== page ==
VellaMini 5% Fluoride Varnish

If You Love the Glove, VellaMini has You Covered

Now you can apply Vella 5% sodium fluoride varnish using the popular back-of-the-glove technique, with our new VellaMini pouch delivery system. Our new squeezable VellaMini pouches dispense easily on the back of your glove, freeing up one hand to use for cheek retraction making it faster and easier to apply varnish on squirmy worms. And since a varnish application is likely the last procedure prior to releasing the patient, simply de-glove to eliminate any possibility of a sticky mess.

VellaMini contains the same smooth, clear Vella 5% sodium fluoride varnish with NuFluor, our patented combination chemistry containing fluoride, calcium and phosphate. Vella provides fast fluoride release and uptake at two hours and relief from sensitivity. Plus VellaMini is sweetened with xylitol and is n-Hexane free … Google it!

Most important, Vella looks better, feels better in the mouth and tastes great, improving patient compliance and assuring that they get the extra protection they need. VellaMini is available in strawberry, spearmint, melon, bubblegum and new caramel.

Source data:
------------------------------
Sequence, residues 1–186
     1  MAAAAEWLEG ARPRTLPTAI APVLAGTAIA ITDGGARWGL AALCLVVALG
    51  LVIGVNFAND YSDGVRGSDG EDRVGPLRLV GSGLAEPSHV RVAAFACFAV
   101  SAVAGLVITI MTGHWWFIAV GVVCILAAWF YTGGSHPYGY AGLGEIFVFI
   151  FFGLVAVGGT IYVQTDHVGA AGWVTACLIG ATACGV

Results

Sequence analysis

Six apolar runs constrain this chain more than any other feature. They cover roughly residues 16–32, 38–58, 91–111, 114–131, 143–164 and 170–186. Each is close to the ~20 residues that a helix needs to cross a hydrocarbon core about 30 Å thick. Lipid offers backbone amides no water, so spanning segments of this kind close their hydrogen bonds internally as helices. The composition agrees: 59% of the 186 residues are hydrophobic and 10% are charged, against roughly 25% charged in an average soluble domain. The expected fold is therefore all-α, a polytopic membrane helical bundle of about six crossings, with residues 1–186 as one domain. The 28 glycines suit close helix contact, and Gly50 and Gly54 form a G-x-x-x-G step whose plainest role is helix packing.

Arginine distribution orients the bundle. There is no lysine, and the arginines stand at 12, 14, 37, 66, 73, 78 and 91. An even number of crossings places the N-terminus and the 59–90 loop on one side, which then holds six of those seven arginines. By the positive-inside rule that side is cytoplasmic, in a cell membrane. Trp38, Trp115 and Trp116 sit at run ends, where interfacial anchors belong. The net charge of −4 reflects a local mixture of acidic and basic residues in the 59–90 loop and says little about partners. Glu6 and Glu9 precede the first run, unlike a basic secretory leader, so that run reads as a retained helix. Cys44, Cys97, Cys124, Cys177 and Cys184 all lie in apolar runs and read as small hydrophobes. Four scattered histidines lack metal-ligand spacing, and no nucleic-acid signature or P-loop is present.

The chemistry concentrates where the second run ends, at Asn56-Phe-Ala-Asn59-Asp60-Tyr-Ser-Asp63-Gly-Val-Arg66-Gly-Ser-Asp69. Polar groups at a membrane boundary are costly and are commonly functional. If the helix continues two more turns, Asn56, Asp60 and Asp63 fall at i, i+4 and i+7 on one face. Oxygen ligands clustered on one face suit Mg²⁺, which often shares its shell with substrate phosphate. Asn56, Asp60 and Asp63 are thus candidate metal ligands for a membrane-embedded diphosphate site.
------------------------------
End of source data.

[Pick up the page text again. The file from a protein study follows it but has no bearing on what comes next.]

Ask your dealer for VellaMini Varnish today. Or call us at 1-800-474-8681 and we’ll ship your order in your dealer’s name.
Vella Flavor Icons


How VellaMini is Applied

Share this:
Frequently Asked Questions
What is Fluoride Varnish?
Most Fluoride varnishes are lacquers containing 5% fluoride in a colophony/resin base. Fluoride varnish provides a highly concentrated, temporary dose of fluoride to the tooth surface. The varnish holds the fluoride close to the tooth surface for a longer period of time than other concentrated fluoride products. Unlike low dose fluorides available over the counter such as fluoride toothpaste, highly concentrated fluoride products such as fluoride varnish must be applied by a dental professional.
How does Fluorides prevent dental decay?
For all tooth surfaces, there is a continuous cycle of demineralization and remineralization of tooth enamel. Tooth decay (dental caries) is an infectious, transmissible disease caused by bacteria colonizing on the teeth and producing acid that dissolves enamel, resulting in greater demineralization. All fluorides act to slow demineralization and boost remineralization. Fluorides work in at least four different ways to protect teeth from tooth decay. Fluoride is incorporated in tooth structure when small amounts are swallowed daily while teeth are forming. Fluoride becomes concentrated in the outer enamel surfaces when applied topically after the teeth erupt. Dental plaque and saliva act as fluoride reservoirs to enhance the remineralization process. In addition, fluorides interfere with the decay-causing bacteria colonizing on teeth and reduce their acid production, thus slowing demineralization.